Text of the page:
11β-hydroxysteroid dehydrogenase glucocorticoid metabolism within the lung and its influence on macrophage function in the acute respiratory distress syndrome
Bassford, Christopher R. (2011) 11β-hydroxysteroid dehydrogenase glucocorticoid metabolism within the lung and its influence on macrophage function in the acute respiratory distress syndrome. PhD thesis, University of Warwick.
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The acute respiratory distress syndrome (ARDS) is an important cause of respiratory failure in critically ill patients characterised by severe inflammation within the lungs. This inflammation is limited by anti-inflammatory glucocorticoid hormones released from the hypothalamus-pituitary-adrenal (HPA) system. This thesis reports a series of investigations into glucocorticoid concentrations and glucocorticoid metabolism within the lungs of patients with ARDS. It also contains an investigation into a potential biomarker for ARDS. Our study of glucocorticoid concentrations in alveolar epithelial lining fluid showed increased cortisol concentrations within the lungs at onset of ARDS. These concentrations have a positive relationship with critical illness severity indices, but negative relationships with alveolar permeability and alveolar neutrophil counts. In peripheral tissues cortisone and cortisol are inter-converted by iso-enzymes of 11β-hydroxysteroid dehydrogenase (11β-HSD). We have shown that healthy primary resident alveolar macrophages increase their production of active cortisol by the oxo-reduction of inactive cortisone in response to inflammatory stimuli. Alveolar macrophages are responsible for the removal of spent and apoptotic inflammatory cells, failure of this process causes further inflammation. We have shown that glucocorticoids increase the rate of uptake of apoptotic cells by alveolar macrophages, and that macrophage 11β-HSD production of cortisol increases this process. We have shown however that alveolar macrophages extracted from patients with established ARDS have decreased 11β-HSD oxo-reductase activity. This decreased conversion of cortisone to cortisol will cause a diminished response to the anti-inflammatory signal of the HPA system. The implications of this are that they will have a limited capacity to up-regulate efferocytosis and a diminished anti-inflammatory potential. The receptor for advanced glycation end-products (RAGE) is a potential biomarker in ARDS. We have shown that RAGE concentrations in plasma and BALF had excellent diagnostic compatibility with ARDS diagnostic criteria. The use of a threshold RAGE concentration could assure pulmonary inflammation in future investigations.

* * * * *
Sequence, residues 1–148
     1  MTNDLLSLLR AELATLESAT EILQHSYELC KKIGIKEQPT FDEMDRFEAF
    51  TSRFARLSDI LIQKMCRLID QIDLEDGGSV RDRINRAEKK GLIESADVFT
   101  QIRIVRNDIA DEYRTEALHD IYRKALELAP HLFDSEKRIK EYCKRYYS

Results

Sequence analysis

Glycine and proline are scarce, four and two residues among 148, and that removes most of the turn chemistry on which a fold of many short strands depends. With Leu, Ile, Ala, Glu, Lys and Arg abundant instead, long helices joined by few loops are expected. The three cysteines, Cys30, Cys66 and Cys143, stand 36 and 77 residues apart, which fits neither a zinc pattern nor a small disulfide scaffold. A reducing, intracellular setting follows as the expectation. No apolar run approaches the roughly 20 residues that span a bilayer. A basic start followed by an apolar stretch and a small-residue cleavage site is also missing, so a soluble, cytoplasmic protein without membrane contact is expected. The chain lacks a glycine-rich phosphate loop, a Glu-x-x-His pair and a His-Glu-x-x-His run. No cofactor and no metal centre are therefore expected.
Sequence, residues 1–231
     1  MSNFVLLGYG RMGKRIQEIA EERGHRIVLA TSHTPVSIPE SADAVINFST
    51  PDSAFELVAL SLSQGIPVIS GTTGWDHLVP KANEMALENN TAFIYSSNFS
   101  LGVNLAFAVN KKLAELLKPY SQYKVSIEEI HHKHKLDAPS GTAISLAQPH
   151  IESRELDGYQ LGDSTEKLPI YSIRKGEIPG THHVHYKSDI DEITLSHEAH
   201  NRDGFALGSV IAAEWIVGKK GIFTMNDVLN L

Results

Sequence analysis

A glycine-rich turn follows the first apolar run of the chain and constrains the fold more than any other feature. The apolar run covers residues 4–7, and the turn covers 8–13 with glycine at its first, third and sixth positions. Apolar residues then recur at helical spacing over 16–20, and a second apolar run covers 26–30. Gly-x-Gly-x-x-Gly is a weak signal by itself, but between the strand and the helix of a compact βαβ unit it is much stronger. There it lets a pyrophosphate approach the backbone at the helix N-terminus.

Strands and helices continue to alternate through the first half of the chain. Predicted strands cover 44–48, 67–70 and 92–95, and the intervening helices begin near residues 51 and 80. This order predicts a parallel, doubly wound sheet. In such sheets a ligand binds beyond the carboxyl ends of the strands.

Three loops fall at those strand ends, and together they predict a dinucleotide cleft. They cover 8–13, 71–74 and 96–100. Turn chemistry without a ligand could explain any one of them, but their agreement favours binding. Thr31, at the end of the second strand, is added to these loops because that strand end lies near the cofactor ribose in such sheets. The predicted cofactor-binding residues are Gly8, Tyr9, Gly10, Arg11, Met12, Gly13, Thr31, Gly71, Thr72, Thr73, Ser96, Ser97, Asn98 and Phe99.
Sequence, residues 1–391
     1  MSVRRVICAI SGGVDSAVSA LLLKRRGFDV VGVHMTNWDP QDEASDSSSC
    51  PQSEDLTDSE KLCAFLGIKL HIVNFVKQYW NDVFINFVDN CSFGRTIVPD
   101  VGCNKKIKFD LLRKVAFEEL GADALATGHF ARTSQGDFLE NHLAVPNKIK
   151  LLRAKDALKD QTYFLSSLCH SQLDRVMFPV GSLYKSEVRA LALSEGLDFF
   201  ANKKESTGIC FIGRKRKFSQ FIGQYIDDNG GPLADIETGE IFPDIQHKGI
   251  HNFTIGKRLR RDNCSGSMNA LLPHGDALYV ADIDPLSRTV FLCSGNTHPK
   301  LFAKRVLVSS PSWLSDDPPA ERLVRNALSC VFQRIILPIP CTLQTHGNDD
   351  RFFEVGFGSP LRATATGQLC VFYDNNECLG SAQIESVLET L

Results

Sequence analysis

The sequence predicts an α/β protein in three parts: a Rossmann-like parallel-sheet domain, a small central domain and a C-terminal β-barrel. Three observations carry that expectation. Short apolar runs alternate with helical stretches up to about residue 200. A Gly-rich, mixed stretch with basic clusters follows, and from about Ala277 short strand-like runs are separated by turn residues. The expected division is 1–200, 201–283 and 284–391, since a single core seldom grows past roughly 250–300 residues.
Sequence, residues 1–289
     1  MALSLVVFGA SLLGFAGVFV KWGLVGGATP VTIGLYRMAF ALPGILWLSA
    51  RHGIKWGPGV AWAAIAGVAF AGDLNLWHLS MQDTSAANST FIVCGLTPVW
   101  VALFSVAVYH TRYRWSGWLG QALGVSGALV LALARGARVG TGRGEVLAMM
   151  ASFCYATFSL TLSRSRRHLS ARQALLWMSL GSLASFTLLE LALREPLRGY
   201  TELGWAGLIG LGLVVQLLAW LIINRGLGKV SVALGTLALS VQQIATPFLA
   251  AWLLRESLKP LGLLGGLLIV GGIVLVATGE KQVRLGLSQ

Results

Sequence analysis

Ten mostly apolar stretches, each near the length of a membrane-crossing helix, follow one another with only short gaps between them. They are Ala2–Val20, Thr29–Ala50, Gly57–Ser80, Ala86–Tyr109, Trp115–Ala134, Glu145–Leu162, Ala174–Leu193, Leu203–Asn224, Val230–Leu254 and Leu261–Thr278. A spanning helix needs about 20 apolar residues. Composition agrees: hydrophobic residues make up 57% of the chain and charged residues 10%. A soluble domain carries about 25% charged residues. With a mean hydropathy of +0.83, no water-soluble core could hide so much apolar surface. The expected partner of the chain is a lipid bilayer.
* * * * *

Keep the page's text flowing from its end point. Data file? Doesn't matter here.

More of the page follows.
|Item Type:||Thesis or Dissertation (PhD)|
|Subjects:||Q Science > QP Physiology
R Medicine > RC Internal medicine
|Library of Congress Subject Headings (LCSH):||Respiratory distress syndrome, Adult -- Pathophysiology, Glucocorticoids|
|Institution:||University of Warwick|
|Theses Department:||Warwick Medical School|
|Sponsors:||Intensive Care Society (Great Britain) (ICS)|
|Extent:||260 leaves : ill., charts|
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